(DISCLAIMER: I’m not condoning what he did- and if you have to ask who ‘he’ is after reading this, you’ve been living under a rock for a while. But this has generated some thought for me, and I thought it worthwhile to air it out.)
I wonder how fame changes a person. Not just fame, but the circumstances that lead to it, and the trappings associated with it.
Recent events involving a certain high profile golfer got me thinking about it, more than usual. I think it’s easy for us to look at famous people with an outside perspective and say, “Boy, I’d do it differently.” Would we really?
It’s easy to thin-slice the event and result and extrapolate circumstances where we’d take the moral high ground. And while that may well be the case, I don’t think we should assume that position so easily. Because we’re not them- not just right now, but in what made these people who they are.
Take that particular golfer, easily the pinnacle of his sport. Driven. Competitive. Motivated. Intense. A winner. A role model, in a lot of ways. And now what? Is he still all of those things?
Let’s give it some context. Don’t just think of him just as walking down the fairway to cheers, sharply focused on finishing 18 and winning the tournament, fist pumping as he drains the putt. Think of him also at the driving range, hitting shot after shot, watching it soar distances most of us could only sigh at. Think of him on the putting green, crouched down, tracing the contours of the surface- whether alone at practice, or in front of crowd, hushed, a caddy’s voice in his ear.
Think of the physical training, days spent honing a body into a perfect force to go 72 holes in four days, outlasting not only all that oppose him, but the nagging doubts that inevitably surface in a sport that is as much mental as it is physical. It’s a sport of endurance. It’s a sport of repetition, and mental toughness.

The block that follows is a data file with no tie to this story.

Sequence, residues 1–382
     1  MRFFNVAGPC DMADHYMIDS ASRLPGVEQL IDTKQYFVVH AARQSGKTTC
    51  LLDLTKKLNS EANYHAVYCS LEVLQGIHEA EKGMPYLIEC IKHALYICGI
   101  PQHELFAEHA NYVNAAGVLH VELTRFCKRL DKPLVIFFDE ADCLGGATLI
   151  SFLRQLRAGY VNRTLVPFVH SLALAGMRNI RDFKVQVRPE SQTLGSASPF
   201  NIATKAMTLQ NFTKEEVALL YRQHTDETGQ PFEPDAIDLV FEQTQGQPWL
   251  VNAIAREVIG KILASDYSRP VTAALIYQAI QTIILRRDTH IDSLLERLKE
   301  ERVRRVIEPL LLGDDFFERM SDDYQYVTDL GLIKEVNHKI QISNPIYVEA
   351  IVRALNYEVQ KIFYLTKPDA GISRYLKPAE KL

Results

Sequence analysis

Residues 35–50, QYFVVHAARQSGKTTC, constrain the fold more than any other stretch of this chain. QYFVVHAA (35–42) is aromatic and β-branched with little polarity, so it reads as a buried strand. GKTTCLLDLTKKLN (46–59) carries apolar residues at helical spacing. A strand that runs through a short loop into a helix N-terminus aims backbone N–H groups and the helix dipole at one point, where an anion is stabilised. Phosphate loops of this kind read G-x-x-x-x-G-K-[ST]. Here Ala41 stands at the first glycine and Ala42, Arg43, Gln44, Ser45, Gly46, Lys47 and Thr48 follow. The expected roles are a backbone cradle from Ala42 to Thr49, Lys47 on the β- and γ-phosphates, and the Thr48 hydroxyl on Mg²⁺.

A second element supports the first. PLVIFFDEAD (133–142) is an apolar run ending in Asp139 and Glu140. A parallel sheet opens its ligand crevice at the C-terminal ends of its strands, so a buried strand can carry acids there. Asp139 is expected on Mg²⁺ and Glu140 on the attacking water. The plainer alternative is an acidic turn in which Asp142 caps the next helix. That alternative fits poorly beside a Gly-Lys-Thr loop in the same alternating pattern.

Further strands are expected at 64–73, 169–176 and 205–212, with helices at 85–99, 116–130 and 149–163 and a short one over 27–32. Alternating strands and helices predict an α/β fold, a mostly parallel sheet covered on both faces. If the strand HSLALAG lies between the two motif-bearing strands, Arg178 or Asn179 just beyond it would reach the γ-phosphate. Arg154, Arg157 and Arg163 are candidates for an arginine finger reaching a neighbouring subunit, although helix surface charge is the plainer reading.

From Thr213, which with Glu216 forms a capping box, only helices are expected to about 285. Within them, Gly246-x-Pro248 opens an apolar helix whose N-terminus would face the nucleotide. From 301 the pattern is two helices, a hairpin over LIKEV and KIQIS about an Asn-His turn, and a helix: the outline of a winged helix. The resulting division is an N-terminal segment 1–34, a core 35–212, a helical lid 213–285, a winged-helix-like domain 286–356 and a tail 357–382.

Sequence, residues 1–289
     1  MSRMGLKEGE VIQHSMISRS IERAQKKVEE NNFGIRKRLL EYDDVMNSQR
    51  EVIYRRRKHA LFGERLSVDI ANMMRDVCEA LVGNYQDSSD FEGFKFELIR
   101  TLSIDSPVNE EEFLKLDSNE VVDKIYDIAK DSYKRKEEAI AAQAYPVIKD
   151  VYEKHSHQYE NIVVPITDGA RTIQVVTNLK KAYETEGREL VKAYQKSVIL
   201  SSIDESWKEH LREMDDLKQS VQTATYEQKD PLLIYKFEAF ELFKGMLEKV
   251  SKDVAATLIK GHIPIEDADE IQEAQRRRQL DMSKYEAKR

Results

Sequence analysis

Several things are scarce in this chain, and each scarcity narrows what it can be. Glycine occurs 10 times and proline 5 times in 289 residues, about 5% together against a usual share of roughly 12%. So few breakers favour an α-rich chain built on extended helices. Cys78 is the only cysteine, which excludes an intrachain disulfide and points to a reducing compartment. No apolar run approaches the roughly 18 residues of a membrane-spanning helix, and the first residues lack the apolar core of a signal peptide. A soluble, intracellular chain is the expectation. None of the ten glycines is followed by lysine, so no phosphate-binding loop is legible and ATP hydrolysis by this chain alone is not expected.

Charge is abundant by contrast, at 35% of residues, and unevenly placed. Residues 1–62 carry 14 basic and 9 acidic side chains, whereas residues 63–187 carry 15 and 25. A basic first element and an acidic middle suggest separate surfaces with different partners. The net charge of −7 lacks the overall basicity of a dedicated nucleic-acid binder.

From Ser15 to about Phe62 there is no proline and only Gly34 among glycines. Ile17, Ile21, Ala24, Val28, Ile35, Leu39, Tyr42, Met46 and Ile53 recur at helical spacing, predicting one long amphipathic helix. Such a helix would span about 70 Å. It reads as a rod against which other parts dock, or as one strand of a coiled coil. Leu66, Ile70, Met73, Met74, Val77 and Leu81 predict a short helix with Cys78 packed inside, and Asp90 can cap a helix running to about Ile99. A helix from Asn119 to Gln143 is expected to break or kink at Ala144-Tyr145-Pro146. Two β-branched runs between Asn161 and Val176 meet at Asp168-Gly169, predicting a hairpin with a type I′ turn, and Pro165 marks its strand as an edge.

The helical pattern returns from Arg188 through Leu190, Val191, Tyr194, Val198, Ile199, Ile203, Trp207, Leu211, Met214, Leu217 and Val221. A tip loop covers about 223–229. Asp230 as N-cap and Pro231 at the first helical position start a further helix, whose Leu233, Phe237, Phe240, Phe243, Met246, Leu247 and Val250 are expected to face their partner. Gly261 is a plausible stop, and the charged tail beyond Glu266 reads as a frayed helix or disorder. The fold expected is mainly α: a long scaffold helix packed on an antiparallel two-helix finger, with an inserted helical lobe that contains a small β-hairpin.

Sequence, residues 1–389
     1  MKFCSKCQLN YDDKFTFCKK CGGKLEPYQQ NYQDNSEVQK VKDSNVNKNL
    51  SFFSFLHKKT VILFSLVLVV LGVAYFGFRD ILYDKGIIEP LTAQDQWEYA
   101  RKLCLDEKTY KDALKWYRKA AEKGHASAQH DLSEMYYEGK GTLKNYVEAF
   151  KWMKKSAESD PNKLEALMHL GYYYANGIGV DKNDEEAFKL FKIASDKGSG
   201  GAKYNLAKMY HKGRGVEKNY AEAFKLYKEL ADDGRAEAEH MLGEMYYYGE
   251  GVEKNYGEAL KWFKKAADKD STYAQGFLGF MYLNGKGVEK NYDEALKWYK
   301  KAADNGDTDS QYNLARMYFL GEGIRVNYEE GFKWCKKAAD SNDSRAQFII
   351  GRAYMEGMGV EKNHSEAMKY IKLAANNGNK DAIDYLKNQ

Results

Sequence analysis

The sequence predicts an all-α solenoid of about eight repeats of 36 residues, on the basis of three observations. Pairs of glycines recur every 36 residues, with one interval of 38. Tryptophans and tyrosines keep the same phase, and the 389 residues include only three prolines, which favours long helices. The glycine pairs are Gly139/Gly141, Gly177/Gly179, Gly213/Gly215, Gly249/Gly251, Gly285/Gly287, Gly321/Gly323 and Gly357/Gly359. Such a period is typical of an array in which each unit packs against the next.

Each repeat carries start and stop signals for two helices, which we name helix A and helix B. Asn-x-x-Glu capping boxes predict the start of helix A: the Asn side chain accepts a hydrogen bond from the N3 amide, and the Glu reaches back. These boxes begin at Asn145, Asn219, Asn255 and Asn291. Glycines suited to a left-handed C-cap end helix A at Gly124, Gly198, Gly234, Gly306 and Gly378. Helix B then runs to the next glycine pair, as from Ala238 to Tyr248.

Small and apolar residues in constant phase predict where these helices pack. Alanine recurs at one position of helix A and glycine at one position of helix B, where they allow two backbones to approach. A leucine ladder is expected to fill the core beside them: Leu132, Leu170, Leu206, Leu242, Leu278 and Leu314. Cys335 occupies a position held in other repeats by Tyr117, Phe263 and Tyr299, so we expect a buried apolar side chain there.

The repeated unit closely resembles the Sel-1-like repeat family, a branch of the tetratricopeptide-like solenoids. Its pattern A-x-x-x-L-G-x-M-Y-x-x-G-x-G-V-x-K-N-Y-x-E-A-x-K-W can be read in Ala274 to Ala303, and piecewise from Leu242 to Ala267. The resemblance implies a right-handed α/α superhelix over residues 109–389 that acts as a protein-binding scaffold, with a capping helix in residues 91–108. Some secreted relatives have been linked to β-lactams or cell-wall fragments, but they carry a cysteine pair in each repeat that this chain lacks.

Golf isn’t a team sport. Golf is solo. Golf is alone. There’s not twenty-four other guys in the clubhouse with you, ready to pick you up when you make a mistake. The kind of single-minded determination it takes to be a good golfer is the same reason some of us are cussing by about the third tee during a normal round. He had it, that incredible focus. We don’t.
That’s the sport. But what about the man? How is he here?
This particular man was a prodigy- destined to play golf, in the limelight as early as age two, driven by a father that would make even the worst hockey parents cringe at his single-mindedness. Though a loving man, his father was determined- a quality he passed onto his son.
And his son won, spectacularly, at every level. He needed to win, and did so at a breathtaking pace. He was a marvel, anointed to be the “best ever” at an age most of us are still figuring out who we’re asking to come with us to grad.
The limelight rarely strayed from him. This man drove golf. Casual sports fans knew who he was, almost from the moment he hit the tour. Under the constant scrutiny of a 24/7 news cycle, he protected himself. He learned the ebb and flow of media, and how to use it to his advantage. Why wouldn’t he, popular as he was?
He’d heard every question in the book, and every variation on it. He’d learned the clichés, what the reporters wanted to hear, rarely straying from the script. His public, time-off persona was much like what we saw on the course: Focused. Intense.
But beyond that, he was very self-contained, very much a mystery. What drove him? What went on inside his head? And what, if any, effect did that incredible focus he had on the course affect him when he left it?
Becoming the most famous golfer in the world doesn’t happen all at once. It happens over time, and accomplishment, and changes in life and perspective so gradual we don’t always notice they’re happening.